In response to Jennifer Roback Morse’s remarks to the Minnesota house I have asked them the following questions. I post a screen shot of them here since NOM and the Ruth Institute are generally not interested in open civil debate. I don’t expect them to provide any answers to them.
Gay and Lesbian people exist. We always have and always will. Regardless of what NOM, the Ruth Institute, or any of the other discriminatory organizations that continue to turn our own government against us hope to achieve. Sometimes I truly wonder what their goal really is. Is it to try and somehow cure us and eliminate us? I don’t think that there really is a clear answer to that question and frankly if that is the goal, it’s a fool’s goal because it can never be achieved. More Gay and Lesbian Americans are born everyday. Trying to rid America of us makes about as much sense as trying to get rid of everyone with red hair.
So if we aren’t going away what sort of protections do we deserve if not marriage? The reality of the mater is that we do fall in love. We do have children. We do build lives and families together. We buy homes together. We go on vacations together. We worry about paying the bills together just like any other family. Is it right that when one of us dies we have no say over burial or that we have to pay gift taxes on the things we bought together as a couple? If one of us becomes sick do we not have a right to visit our partner? Should we not have any rights to the children we may have spent years raising together simply because the state won’t allow us to adopt our partner’s biological child?
These are questions that can’t be answered by a simple contract other than that of civil marriage. Contracts other than marriage can be and often are challenged in court by family members that may not approve of the same sex relationship.
Without marriage are we just supposed to live a life without love, in solitude, and unhappiness? If you deny us marriage, then what will you allow?
Sci Fi Channel
Well, the network execs over at the Sci Fi channel have finally gone all the way with destroying a once great network. As of yesterday Sci Fi became SyFy, which in Poland is slang for syphilis. It?s been a long slow downward decline and this is the nail in the coffin. There was the addition of wrestling, which I still haven?t figured out how that fits into a Sci Fi genre. Then there is the fake reality shows, like Scare Tactics, and Ghost Hunters. No one should ever take a group of plumbers and try turning them into Blair Witch style ghost busters. Then worst of all is the constant string of monster/horror movies that show up every Saturday. The quality of these movies make the old B movies look like works of artistic genius.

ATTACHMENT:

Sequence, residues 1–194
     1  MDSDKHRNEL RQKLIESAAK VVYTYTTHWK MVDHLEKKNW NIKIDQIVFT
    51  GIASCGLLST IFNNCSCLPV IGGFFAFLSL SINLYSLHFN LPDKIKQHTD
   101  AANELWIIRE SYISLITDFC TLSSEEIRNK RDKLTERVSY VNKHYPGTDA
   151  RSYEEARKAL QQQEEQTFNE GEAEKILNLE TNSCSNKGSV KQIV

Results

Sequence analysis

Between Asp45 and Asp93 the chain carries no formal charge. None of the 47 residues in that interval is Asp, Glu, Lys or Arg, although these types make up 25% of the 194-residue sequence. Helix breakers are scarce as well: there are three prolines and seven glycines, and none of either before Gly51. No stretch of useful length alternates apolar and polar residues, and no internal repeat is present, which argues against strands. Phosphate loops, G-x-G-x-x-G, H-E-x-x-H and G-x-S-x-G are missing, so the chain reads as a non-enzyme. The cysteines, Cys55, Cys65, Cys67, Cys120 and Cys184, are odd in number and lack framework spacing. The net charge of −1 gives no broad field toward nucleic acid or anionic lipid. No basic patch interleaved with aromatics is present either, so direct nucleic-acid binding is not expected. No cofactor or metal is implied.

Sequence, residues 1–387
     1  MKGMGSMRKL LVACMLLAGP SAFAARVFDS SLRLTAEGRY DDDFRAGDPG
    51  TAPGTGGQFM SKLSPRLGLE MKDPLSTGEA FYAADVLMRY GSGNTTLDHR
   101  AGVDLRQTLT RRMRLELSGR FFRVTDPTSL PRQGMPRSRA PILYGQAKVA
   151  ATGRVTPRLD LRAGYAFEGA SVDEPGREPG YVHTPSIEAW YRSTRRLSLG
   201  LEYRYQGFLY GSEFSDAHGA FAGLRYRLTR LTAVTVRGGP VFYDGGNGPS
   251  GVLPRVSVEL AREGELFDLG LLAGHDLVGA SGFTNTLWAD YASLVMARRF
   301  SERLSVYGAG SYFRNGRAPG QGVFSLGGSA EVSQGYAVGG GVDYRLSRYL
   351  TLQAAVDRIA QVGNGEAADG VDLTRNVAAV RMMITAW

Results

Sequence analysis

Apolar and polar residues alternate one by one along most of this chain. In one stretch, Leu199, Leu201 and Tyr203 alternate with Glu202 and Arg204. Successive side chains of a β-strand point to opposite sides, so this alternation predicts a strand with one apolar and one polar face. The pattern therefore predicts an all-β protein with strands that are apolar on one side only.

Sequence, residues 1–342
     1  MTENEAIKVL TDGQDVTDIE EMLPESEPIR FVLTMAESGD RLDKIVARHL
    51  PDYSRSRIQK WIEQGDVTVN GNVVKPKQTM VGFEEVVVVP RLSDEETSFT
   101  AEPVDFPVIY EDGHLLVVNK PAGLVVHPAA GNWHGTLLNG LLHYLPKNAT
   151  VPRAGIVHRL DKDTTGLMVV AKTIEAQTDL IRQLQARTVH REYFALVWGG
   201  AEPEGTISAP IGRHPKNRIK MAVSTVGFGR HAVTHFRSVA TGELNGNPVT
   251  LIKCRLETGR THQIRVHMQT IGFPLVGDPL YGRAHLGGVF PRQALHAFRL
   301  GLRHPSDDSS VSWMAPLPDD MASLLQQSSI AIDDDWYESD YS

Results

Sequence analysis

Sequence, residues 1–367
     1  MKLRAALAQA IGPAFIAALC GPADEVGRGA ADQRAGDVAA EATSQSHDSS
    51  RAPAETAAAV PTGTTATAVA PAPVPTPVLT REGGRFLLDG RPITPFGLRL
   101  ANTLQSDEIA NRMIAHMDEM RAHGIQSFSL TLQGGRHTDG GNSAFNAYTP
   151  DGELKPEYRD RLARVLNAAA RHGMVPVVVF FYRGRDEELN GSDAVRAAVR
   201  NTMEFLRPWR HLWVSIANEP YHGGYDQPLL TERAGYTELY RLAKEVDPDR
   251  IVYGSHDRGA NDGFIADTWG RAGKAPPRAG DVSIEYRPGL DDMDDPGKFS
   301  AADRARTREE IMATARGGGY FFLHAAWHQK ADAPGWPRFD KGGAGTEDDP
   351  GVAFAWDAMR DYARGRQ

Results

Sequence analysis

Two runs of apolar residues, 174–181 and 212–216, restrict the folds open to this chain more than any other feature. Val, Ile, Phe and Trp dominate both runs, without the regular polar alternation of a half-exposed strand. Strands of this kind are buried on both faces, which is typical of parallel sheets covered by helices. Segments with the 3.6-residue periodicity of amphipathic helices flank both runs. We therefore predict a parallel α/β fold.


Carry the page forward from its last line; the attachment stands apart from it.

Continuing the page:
Last night?s defacing brought along with it a new show called Warehouse 13. I watched it this morning on Hulu, I refuse to actually watch the network live any more. The show drags on for much of it, almost as if they really struggled to fill the 2 hours the premiere was slotted for. The show is basically a remake of the 1980?s show Friday the 13th, with an X-Files style wrapping.
It starts off with a long slow dull opening that lays the overextended back story for the Mulder / Scully wanna be duo and sends them off to the pawn shop, I mean government warehouse, in South Dakota where the third wheel is added by way of the Warehouse curator. Once there they pair is sent on their first assignment, which is to investigate a girlfriend beating university student in Iowa. The student apparently attends a made up University of Southern Iowa, which for some odd reason, is located in North Central Iowa, based on the map location the curator circles. I guess it fits well with the made up Seever County and Seever City. 99 counties to choose from in the state of Iowa and they had to make one up? At least in the The Puppet Masters they used real town names. As an Iowa resident I almost find it insulting. Warehouse 13 feels like a ?Been there, Done That, Didn?t care for the T-Shirt,? kind of show. The over used premise, the bad script, misplaced comedy, along with an apparently geographically challenged writing staff has certainly turned me off. Warehouse 13 will not be getting added to my list of regularly watched shows.
Somewhere Asimov is rolling over in his grave, and he is angry.